This tart is one of many delicious things that I’ve made from Amy Chaplin’s book At Home in the Whole Foods Kitchen. As you must have deduced from the title, her recipes are vegan and mostly gluten-free, but don’t lack anything in taste and texture.

Cranberry Almond Tart
Makes One 9-Inch Tart
* If you are baking for someone who is gluten-free, swap the spelt flour gluten-free oat flour, and make sure the rolled oats are gluten-free. In summer, try fresh berries or sliced peaches instead of cranberries. Zest the orange before juicing it for the filling. Use a 9-inch fluted tart pan with removable bottom, or as I did, a ceramic tart dish.

for the crust
1/4 cup regular rolled oats
1/4 cup dried, unsweetened, shredded coconut
1/4 cup whole raw almonds (I used sliced raw almonds)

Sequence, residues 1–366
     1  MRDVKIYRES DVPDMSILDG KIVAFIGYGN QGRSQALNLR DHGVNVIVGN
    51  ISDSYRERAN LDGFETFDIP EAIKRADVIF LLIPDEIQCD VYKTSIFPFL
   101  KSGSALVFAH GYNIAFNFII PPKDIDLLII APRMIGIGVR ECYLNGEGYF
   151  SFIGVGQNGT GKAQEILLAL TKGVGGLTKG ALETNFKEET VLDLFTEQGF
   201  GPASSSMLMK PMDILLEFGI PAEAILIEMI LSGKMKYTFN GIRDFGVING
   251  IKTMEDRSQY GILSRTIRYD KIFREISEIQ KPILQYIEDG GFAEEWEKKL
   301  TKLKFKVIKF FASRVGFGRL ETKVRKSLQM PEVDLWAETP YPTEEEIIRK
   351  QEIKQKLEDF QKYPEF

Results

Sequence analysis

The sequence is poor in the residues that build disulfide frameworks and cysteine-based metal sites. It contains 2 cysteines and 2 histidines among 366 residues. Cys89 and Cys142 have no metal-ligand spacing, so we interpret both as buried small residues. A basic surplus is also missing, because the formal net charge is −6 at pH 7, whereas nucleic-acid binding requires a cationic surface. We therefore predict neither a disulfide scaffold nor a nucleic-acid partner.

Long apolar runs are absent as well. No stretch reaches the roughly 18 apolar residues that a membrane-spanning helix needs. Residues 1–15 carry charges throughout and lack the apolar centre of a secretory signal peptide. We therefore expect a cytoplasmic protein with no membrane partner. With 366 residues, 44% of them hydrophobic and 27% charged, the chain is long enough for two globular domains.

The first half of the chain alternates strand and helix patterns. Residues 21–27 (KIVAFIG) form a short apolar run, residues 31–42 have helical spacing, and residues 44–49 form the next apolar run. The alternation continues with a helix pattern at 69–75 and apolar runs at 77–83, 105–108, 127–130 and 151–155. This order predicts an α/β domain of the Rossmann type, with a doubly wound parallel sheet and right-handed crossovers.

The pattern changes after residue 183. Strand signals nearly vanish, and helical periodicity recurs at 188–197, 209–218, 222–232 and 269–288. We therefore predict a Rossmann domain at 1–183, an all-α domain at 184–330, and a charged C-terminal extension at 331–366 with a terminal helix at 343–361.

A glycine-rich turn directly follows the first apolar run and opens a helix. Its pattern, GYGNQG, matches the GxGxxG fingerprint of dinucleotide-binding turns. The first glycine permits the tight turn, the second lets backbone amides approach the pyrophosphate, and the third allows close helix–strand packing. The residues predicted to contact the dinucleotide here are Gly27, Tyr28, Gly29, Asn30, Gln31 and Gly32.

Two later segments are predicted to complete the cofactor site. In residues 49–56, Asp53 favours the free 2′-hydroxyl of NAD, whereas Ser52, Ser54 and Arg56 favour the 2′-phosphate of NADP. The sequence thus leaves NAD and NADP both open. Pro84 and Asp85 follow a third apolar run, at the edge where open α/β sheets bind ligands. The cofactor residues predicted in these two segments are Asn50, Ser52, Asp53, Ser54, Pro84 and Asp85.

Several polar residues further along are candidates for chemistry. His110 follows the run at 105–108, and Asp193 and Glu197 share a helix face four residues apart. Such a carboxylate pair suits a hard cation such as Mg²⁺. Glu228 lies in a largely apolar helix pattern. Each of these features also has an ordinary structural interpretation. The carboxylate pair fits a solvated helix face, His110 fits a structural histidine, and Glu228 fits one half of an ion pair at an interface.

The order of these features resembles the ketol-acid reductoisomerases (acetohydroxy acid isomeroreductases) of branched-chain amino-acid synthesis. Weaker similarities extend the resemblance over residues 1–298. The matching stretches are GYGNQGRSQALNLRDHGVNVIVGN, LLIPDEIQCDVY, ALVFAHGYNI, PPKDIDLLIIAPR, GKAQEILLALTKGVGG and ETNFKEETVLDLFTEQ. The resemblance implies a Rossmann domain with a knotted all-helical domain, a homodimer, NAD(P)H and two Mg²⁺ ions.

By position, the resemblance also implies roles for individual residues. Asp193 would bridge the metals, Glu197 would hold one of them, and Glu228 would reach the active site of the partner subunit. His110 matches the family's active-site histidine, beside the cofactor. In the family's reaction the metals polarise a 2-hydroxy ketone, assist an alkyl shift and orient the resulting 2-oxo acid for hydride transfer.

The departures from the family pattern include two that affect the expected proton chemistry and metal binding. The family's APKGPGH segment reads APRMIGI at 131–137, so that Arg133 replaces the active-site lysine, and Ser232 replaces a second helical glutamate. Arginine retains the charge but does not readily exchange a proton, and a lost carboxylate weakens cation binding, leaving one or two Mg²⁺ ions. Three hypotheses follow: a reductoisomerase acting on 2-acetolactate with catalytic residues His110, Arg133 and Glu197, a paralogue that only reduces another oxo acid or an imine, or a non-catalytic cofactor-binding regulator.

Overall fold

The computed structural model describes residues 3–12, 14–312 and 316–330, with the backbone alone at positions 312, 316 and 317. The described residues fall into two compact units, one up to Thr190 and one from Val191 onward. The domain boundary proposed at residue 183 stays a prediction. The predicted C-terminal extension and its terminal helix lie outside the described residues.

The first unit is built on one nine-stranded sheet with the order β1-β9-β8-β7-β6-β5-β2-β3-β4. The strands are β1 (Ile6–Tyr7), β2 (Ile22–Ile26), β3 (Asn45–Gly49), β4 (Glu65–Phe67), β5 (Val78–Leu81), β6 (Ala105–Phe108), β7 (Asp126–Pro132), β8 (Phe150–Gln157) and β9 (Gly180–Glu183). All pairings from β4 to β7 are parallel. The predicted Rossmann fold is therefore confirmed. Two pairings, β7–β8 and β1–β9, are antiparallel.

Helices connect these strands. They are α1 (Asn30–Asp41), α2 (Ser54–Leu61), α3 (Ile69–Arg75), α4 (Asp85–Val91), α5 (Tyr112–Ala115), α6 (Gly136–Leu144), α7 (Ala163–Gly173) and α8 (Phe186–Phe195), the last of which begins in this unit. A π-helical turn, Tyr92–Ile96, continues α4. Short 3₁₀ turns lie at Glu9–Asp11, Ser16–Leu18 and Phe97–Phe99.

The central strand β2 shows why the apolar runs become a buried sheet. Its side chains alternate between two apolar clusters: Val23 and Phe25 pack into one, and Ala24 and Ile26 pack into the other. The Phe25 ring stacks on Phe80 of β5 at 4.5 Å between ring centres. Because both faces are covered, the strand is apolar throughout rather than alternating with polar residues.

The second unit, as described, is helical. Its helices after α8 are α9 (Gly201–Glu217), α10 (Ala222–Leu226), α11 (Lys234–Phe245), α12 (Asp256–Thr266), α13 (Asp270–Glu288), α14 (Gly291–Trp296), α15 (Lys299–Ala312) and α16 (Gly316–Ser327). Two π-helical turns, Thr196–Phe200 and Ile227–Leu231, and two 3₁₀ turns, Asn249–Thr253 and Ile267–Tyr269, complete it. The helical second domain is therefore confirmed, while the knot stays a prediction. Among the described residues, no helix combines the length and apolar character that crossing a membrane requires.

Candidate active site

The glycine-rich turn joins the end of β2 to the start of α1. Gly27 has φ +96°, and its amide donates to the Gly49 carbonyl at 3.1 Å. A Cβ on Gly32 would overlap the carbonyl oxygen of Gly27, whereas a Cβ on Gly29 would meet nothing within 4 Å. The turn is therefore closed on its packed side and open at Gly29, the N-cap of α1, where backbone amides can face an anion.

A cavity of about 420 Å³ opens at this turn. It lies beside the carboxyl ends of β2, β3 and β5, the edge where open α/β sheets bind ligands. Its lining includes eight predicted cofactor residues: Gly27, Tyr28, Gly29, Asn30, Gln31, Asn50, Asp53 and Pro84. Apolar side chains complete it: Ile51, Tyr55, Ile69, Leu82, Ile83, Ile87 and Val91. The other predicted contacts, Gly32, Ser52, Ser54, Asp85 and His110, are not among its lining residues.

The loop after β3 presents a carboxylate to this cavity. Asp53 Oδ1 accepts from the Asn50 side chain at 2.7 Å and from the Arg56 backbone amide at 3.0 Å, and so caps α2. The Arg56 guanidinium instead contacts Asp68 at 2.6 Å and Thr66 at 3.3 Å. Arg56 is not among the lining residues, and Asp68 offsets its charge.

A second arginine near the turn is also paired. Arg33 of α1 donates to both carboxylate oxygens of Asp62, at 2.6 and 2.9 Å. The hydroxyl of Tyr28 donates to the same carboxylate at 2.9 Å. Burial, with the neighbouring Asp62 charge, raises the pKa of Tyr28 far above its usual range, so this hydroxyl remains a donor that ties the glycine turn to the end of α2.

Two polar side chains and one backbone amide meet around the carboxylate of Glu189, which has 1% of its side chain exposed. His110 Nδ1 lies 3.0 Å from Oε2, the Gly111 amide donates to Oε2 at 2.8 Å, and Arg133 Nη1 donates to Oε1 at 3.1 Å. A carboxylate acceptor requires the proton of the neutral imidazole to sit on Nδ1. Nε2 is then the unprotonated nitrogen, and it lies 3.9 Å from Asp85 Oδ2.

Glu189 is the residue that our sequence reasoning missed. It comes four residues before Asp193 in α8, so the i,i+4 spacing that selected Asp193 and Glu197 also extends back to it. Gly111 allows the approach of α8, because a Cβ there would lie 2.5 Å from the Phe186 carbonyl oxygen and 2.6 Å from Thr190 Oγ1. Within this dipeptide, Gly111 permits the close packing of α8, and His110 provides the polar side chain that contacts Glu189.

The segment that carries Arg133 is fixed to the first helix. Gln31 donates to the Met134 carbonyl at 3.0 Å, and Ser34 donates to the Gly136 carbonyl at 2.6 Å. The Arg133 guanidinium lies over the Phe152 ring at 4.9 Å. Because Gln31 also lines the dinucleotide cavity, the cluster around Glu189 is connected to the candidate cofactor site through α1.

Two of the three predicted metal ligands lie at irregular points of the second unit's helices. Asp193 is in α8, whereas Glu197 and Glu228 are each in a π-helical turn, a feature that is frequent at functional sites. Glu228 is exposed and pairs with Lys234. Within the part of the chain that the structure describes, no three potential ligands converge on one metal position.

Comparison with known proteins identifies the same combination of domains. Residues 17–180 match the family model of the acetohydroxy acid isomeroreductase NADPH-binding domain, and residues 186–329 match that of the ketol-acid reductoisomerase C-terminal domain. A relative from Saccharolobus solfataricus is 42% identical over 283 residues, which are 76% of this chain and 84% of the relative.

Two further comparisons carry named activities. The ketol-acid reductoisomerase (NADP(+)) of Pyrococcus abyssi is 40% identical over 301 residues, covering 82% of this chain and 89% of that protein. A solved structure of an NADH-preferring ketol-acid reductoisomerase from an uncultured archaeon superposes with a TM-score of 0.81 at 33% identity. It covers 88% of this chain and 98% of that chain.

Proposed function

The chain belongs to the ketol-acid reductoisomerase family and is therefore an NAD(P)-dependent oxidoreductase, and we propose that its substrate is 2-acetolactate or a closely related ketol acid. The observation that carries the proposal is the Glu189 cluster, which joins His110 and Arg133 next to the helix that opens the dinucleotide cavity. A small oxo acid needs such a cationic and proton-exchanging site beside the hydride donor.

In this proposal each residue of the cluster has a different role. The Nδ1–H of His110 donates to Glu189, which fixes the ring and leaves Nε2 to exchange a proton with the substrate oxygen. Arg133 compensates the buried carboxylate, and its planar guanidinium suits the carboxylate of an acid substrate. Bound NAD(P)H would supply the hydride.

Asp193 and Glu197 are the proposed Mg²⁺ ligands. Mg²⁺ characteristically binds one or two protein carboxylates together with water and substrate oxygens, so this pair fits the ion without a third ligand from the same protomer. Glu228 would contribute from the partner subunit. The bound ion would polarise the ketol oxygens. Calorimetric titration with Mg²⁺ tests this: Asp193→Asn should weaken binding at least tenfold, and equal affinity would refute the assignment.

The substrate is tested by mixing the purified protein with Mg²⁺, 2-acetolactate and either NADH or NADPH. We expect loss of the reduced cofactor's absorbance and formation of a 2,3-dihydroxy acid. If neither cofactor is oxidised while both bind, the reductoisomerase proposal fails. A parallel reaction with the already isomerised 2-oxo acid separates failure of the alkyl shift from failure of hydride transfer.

2 tblsp brown rice flour
1/4 tsp sea salt
3/4 cup plus 2 tblsp spelt flour (or all-purpose, or GF oat flour)
3 tblsp extra virgin olive oil, plus more for greasing the pan
3 tblsp grade A maple syrup
1 tsp vanilla extract

for the filling
2 tsp arrowroot
4 tblsp fresh orange juice, divided
1/4 cup plus 2 tblsp maple syrup
1/8 tsp cinnamon

for the topping
2 1/2 cups almond meal
1 tsp baking powder
3 tblsp extra virgin olive oil
1/4 cup maple syrup
zest of 1 orange
zest of 1 lemon
1/8 tsp sea salt
1 tsp vanilla extract
1/2 tsp almond extract
3 tblsp sliced almonds
confectioner’s sugar, for dusting

1. Make the crust: Preheat the oven to 350ºF. Thoroughly oil tart pan and set aside. Combine oats, coconut, almonds, rice flour, and salt in a food processor, and blend until finely ground, about 45 seconds. Transfer to a bowl and stir in spelt flour. Drizzle in olive oil; mix with a fork or your fingertips until all flour is moistened. Add maple syrup and vanilla and mix again. Dough should be moist but not sticky. Wash and dry your hands, and press crust evenly into tart pan. Trim any excess dough from edges. Prick bottom of crust with a fork several times, and bake for 15 minutes; crust should be set but not done. Remove from oven and set aside. Leave oven on.